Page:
Ask anybody what chicken tinola tastes best and he will readily tell you that it is the native chicken. There are a number of native strains in the Philippines with their own distinct characteristics. All of them are well known for their special taste.
The more famous ones are the Paraoakan from Palawan, the Banaba from Batangas, Bolinao from Pangasinan, Camarines from Bicol, Darag from Panay, and Jolo from the south.
All over the country, farmers raise their own native chickens. But these are backyard operations and they produce just a limited number. That is fine. They help in ensuring food security in the country. And they also derive income albeit limited for their family’s upkeep.
BIG MARKET – There is a big market waiting to be tapped if only native chickens can be produced in volumes that can supply the needs of big customers such as restaurants on a regular basis year in and year out. The problem now is that there is no grower who can commit to supply relatively significant volumes throughout the year and at price that is profitable for both the grower and the buyers.
THE PROBLEM – Because most native chicken growers don’t have the volume, the traders who go out to buy from the farmers usually don’t get the number and quality they are looking for. Thus they will settle for a mix of young five-month-old cockerels and pullets which have tender meat and old culls with tough meat. The restaurants simply don’t want that. They would like a steady supply of native chickens of the same age and size, if possible. Same tenderness of meat.
RAY OF HOPE – There is hope that in the future native chickens of the desired qualities can be supplied regularly to the market, big and small. There is need to develop a strain or strains of native chickens that are true to type. This means that when they are multiplied, the birds are more or less of the same color of plumage, body size, growth rate and other desirable characteristics.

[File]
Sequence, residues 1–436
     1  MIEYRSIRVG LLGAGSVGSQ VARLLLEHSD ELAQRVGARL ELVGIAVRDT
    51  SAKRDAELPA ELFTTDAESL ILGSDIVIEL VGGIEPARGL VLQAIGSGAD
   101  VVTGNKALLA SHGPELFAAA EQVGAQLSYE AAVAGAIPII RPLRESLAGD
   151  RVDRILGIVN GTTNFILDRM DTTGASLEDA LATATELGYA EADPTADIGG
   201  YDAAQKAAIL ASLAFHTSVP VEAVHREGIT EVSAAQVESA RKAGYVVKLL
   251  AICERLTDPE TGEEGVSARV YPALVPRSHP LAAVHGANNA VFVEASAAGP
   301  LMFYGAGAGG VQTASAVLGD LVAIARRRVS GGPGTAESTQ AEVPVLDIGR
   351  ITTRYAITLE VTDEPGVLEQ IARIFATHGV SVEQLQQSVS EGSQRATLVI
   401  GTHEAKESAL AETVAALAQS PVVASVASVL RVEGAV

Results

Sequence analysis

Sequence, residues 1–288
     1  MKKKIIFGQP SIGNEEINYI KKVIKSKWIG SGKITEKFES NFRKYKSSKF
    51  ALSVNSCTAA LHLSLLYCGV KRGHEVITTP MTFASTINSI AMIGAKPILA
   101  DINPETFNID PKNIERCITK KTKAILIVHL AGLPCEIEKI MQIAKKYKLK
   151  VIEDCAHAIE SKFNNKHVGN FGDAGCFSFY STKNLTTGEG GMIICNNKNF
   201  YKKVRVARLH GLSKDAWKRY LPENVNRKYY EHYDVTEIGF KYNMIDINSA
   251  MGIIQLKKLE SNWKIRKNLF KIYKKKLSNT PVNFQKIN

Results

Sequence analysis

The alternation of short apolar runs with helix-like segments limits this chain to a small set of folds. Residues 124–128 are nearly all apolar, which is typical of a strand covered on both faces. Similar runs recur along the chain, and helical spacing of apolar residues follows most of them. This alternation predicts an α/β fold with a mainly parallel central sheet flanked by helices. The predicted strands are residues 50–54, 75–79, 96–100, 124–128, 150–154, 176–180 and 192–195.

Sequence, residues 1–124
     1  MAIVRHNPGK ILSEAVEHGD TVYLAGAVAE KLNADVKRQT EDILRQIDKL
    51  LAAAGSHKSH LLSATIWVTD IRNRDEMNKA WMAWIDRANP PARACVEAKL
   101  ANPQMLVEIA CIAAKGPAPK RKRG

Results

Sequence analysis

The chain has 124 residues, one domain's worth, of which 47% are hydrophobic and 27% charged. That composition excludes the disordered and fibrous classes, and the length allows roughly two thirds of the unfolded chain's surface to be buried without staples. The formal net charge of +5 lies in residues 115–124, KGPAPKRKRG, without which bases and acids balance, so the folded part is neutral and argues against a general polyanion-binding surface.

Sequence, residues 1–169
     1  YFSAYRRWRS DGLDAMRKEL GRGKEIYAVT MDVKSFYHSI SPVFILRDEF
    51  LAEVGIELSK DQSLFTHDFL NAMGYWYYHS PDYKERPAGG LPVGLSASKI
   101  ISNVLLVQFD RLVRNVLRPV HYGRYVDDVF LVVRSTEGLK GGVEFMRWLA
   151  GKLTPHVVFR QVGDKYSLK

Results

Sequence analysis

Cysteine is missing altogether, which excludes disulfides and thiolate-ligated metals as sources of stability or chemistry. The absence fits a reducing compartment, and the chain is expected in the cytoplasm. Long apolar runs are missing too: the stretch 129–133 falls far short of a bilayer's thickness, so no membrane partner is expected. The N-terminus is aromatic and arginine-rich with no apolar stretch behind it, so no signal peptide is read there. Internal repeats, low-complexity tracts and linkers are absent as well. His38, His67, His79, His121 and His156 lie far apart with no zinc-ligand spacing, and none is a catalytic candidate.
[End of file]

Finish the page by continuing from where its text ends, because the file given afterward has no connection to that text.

Government researchers as well as private entrepreneurs are now working to develop breeds or strains that are true to type. In the private sector, one of them is Ernesto Abalos who has developed the white Paraoakan through constant selection. Another is Nick Bihis of Ibaan, Batangas who for the last three years has been aiming to develop a true-to-type strain of Banaba chicken. He is in a position to do that because he is an animal science major from UP Los Baños.
In the government sector, the National Swine and Poultry Research and Development Center (NSPRDC) headed by Dr. Rene Santiago in Tiaong, Quezon has been conducting studies on the native chicken. They have, for instance, developed a uniform-looking Paraoakan with mottled feathers. They have also crossed the Paraoakan and banaba to come up with an all-black female hybrid. To make native chicken raising economical, they have come up with feeding recommendations using materials available in the farm like palay and corn byproducts. They also recommend the use of azolla and other forage crops as supplementary feeds.
To tap the niche markets for native chickens, serious entrepreneurs are needed to undertake projects that are run like honest-to-goodness businesses using the latest farming and marketing technologies from government and private sources.